Future changes in the Volcker Rule restrictions on big banks’ trading have been backed by the Fed. These changes will loosen compliance requirements for all banks and provide a sense of relief for firms with small trading desks. The Fed will be easing the rule designed to curb risky trading in the wake of the financial crisis. The new plan will place fewer audits of individual securities and derivatives transactions for bulge bracket banks like J.P. Morgan and Goldman Sachs. This means banks will spend less time providing compliance and traders would be given more freedom to buy and sell securities.
However, critics claim that this proposal will be risky since banks could create loopholes that allow them to engage in risky trading. The proposal is part of a broader regulatory rollback that includes a recently enacted law easing rules on small banks and less aggressive leadership at the Consumer Financial Protection Bureau. Regulators said they want to enforce the rule differently because the existing practices are costly.
In the new proposal, the Fed and other agencies wouldn’t audit individual transactions as often, but they would check to see that bank managers set limits on traders aligned with expected customer demand. Law’s allow hedging and market-making on customers’ behalf. Powell says, “The proposal will allow firms to conduct appropriate activities without undue burden and without sacrificing safety and soundness.” On the other hand, banks say “We’re all somewhat perplexed and challenged by the implementation.”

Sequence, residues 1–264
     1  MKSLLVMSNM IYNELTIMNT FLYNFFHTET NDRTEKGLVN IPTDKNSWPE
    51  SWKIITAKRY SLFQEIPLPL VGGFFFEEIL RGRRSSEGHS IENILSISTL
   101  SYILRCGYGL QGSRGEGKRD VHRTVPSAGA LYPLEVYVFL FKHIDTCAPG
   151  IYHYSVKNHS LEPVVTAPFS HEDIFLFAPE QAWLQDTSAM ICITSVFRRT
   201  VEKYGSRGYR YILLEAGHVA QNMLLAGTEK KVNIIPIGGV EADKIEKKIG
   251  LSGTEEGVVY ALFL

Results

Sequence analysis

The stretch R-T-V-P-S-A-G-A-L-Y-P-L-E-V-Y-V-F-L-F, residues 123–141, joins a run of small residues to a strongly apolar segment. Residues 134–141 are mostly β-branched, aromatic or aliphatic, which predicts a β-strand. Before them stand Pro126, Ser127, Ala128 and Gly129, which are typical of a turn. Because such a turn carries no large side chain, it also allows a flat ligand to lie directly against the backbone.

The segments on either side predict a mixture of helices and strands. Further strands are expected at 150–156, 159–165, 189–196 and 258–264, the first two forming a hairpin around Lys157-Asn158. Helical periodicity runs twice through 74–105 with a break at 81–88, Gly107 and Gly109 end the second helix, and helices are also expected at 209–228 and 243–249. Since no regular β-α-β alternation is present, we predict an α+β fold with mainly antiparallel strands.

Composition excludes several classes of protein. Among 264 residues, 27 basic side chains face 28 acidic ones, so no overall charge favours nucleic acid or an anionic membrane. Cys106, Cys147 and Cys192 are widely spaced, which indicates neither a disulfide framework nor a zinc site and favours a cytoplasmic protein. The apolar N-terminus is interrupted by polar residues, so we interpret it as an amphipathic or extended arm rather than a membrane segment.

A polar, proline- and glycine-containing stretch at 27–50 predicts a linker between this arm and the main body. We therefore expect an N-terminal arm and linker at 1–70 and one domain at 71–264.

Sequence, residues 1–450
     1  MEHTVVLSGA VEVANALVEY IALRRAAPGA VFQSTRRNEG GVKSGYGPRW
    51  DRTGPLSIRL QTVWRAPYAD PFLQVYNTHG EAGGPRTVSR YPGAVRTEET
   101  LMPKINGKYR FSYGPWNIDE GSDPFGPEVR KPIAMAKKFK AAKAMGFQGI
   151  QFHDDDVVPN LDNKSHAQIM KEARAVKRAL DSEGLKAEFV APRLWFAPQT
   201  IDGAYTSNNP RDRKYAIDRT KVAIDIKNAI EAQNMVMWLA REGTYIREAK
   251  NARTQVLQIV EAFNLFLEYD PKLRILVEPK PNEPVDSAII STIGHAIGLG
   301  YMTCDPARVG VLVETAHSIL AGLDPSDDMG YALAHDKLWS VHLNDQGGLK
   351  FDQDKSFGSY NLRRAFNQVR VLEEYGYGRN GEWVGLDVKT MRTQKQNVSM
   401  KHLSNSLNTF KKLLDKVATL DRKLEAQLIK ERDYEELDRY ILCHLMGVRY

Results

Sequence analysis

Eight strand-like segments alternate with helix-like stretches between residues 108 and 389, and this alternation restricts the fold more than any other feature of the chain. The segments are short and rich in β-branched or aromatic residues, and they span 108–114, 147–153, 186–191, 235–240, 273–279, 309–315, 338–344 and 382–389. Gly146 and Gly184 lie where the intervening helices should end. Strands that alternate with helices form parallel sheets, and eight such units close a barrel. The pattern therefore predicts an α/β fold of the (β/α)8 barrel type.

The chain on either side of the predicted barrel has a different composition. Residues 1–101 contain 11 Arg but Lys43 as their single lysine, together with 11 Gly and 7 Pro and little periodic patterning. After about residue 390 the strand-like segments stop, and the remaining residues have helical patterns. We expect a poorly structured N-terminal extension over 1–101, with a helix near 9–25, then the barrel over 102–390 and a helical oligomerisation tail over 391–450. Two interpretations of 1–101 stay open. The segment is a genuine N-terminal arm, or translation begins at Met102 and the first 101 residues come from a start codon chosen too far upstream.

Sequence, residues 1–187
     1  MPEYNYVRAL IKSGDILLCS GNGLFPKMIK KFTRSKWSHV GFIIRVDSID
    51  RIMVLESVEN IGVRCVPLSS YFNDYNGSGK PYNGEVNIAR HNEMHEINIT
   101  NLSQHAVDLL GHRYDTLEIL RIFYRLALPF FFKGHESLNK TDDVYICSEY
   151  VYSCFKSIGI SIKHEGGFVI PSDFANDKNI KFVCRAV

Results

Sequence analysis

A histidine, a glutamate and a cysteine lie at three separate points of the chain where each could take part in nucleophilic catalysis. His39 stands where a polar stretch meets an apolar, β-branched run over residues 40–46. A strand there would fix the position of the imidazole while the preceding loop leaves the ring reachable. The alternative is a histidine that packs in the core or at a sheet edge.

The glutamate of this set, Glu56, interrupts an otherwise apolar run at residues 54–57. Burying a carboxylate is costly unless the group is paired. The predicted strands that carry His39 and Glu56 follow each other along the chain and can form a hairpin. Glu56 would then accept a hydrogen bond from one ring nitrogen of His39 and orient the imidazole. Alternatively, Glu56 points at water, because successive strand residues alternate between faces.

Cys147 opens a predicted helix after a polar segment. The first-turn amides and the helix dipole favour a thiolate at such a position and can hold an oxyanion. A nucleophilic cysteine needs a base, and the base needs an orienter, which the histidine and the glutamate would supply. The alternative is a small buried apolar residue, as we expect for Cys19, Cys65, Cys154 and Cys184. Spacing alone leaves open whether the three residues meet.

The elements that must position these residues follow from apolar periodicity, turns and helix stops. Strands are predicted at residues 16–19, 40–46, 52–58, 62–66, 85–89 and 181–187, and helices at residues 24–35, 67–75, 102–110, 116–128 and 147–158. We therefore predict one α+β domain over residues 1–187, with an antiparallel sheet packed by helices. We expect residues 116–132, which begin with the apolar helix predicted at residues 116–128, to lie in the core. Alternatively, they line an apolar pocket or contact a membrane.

The proposal could revolutionize the banking infrastructure, but the loopholes could potentially weaken rather than advance the implementation of the rule. It would lead to banks betting against, rather than service their client’s needs. Banks have spent millions of dollars developing systems to measure trading activity and model future customers’ demand. Not only that, but banks will have to reevaluate how they define whether a trade is violating the Volcker rule or not. However, the proposal would lessen the tensions to justify hedging trades and seeks to reduce the impact of the rule on foreign-owned banks’ overseas activities.
The Fed is separately reviewing capital restrictions, including the leverage limits, which could loosen for some banks. Regulators are also proposing to create three new categories of banks. Those with more than $10 billion in trading assets and liabilities would face the highest expectations under the Volcker rule. The newly proposed Volcker rule and the three categories of banks would redesign the banking industry and divide firms in this space.